Essays

By Self-Censoring, Smithsonian Betrays Art’s Integrity

When I saw that the Smithsonian’s National Portrait Gallery chose to remove David Wojnarowicz’ “A Fire in My Belly” from its Hide/Seek exhibition following Republican political pressure, I was embarrassed and a little confused for the museum. Isn’t it the job of the art world to stand up to those who essentialize art as “offensive” or “degenerate,” and represent the minority who find little voice in the mainstream outside of art?

By choosing to self-censor rather than bear out a media storm that has now turned against the museum, the Smithsonian sets a precedent by which art exhibitions can be compromised piece by piece simply because their imagery may be disagreeable to some. The museum’s actions, directed by Smithsonian Secretary G. Wayne Clough, form a capitulation and betrayal of art to politics, something no art museum, even a government-directed one, should be involved in. Art is not untouchable nor entirely sacrosanct, but to allow such close-minded criticisms to justify removing art from a curated exhibition is to give up on art’s validity as social critique and curating as a public intellectual practice.

Photograph by Robert Mapplethorpe (image from mapplethorpe.org)

What strikes me as particularly messed up in this case is that Wojnarowicz’ artwork is just a symbol for a greater misunderstanding. In itself, Wojnarowicz’ imagery is pretty far down on the provocative scale. There are indeed ants crawling over a crucifixion figure, but as Washington Post critic Blake Gopnik points out, there’s a long art legacy of grisly images of Jesus, from Early Christianity on. Why waste breath getting angry about that piece when works by the Chapman Brothers, including sculptures of sexualized children melded together in unorthodox ways, are so much better targets? Wojnarowicz doesn’t even mean to provoke; the video memorializes a lover who passed away. The image is one of pain and despair rather than one of profanity.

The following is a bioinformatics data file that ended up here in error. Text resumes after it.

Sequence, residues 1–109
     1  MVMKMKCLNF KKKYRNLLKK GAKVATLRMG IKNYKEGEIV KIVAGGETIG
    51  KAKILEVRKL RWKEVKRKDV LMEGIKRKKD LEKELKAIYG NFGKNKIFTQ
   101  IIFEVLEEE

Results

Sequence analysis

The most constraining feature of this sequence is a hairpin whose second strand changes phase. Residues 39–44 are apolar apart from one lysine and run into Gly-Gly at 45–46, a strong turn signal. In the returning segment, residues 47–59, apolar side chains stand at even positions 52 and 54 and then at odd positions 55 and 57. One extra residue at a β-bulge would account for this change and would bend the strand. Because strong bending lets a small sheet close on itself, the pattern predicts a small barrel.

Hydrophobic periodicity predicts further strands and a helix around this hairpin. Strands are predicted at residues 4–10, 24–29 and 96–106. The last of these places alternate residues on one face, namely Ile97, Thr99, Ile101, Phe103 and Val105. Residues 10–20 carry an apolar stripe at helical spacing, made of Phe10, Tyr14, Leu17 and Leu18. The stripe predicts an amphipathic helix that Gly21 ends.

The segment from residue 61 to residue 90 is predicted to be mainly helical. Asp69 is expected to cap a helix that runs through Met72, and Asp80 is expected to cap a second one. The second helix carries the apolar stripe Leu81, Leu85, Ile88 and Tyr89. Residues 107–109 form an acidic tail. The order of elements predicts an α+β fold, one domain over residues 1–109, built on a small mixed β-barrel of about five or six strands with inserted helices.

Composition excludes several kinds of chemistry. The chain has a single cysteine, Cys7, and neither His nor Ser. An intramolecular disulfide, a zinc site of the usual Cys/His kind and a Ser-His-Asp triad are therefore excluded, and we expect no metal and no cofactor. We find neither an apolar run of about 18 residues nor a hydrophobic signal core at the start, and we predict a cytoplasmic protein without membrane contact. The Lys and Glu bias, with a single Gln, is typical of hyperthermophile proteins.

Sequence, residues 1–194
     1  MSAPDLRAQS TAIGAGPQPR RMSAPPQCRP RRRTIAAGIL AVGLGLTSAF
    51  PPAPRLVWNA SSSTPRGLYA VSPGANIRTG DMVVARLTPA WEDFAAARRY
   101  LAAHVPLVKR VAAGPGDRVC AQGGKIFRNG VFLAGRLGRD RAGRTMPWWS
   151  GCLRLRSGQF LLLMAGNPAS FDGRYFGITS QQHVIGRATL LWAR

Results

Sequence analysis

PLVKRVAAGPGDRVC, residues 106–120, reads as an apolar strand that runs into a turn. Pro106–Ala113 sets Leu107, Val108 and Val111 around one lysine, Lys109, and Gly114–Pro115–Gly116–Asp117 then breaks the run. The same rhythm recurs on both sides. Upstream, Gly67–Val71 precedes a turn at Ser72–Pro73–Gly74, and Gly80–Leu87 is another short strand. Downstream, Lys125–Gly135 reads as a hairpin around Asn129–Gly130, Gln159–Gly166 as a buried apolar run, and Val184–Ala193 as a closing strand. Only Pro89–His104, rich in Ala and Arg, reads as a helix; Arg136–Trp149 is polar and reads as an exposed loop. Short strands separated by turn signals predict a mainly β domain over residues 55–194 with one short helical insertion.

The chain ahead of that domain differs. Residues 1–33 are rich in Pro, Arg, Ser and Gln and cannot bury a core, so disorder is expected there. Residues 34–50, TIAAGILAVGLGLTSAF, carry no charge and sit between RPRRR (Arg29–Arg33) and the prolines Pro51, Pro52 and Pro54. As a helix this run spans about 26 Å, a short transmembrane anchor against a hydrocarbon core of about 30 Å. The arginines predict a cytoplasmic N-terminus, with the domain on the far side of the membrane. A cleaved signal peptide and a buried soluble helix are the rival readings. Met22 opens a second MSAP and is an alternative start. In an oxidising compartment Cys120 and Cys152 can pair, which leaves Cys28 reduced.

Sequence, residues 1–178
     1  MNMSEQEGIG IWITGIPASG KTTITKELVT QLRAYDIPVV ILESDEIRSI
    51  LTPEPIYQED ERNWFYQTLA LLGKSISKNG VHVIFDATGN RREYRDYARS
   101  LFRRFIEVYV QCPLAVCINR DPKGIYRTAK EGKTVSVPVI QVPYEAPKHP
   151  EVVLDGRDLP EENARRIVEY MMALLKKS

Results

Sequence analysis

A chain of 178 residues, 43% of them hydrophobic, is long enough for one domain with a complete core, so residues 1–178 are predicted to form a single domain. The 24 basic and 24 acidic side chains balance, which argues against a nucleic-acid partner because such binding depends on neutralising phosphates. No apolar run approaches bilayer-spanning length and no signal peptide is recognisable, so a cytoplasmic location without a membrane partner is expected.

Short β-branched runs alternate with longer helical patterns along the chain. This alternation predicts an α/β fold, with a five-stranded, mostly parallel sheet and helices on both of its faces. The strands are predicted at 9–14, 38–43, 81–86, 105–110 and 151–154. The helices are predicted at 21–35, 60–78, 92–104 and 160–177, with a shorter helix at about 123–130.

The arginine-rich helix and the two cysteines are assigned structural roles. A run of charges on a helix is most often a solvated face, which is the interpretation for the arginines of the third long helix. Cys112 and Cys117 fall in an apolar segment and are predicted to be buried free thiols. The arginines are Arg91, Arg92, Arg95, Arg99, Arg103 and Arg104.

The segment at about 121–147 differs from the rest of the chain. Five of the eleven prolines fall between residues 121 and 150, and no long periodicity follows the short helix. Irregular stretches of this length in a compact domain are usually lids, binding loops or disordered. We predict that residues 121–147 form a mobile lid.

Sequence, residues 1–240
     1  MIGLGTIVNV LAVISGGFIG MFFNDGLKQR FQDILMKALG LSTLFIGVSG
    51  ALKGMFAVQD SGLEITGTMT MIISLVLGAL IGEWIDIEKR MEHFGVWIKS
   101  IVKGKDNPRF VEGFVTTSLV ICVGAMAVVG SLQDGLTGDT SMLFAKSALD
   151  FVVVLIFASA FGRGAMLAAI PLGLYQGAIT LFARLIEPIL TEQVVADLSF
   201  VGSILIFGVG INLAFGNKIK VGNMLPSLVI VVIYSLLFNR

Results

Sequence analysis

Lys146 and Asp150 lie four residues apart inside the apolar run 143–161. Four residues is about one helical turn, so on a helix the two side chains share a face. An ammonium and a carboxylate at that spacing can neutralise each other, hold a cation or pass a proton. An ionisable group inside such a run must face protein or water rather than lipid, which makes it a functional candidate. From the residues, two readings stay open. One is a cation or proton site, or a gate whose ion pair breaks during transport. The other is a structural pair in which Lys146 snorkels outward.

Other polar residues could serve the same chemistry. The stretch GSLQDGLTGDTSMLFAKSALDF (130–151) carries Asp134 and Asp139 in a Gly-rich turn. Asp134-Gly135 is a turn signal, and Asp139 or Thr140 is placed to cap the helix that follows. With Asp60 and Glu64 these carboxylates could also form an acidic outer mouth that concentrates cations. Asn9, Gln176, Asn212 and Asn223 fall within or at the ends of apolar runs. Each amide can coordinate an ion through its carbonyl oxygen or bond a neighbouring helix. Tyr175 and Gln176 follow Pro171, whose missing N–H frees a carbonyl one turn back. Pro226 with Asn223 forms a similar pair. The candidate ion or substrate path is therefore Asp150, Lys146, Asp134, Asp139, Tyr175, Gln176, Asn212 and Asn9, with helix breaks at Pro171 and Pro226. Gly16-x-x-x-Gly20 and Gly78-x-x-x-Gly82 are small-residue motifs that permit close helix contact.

So what’s the greater misunderstanding behind this conflict? The real issue is the fundamental disagreement over public funding of freely expressive art. When scandals occur over “offensive” art, Republican factions have repeatedly been quick to jump to arguments for de-funding public support for the arts. Remember Giuliani’s outrage over Chris Ofili’s elephant dung Mary? The NEA’s de-funding of Robert Mapplethorpe’s classical, homoerotic photographs? Supporters of art must keep this history of “outrage” in mind today and understand that to bow to it is to re-enact the mistakes of the past. Provocative art is important and must be protected and supported, not betrayed. If we still believe that art should be supported by the society that begets it, which I do, we must take care to ensure that all art is supported, not just the work that we find suitable, desirable or inoffensive.

If a museum can’t defend art and artist’s freedoms of speech, then it doesn’t deserve to be called a museum, nor entrusted with art. The National Portrait Gallery failed to stand behind its curators, the artists it shows and the art world as a whole. I can’t think of anything much more offensive than that.

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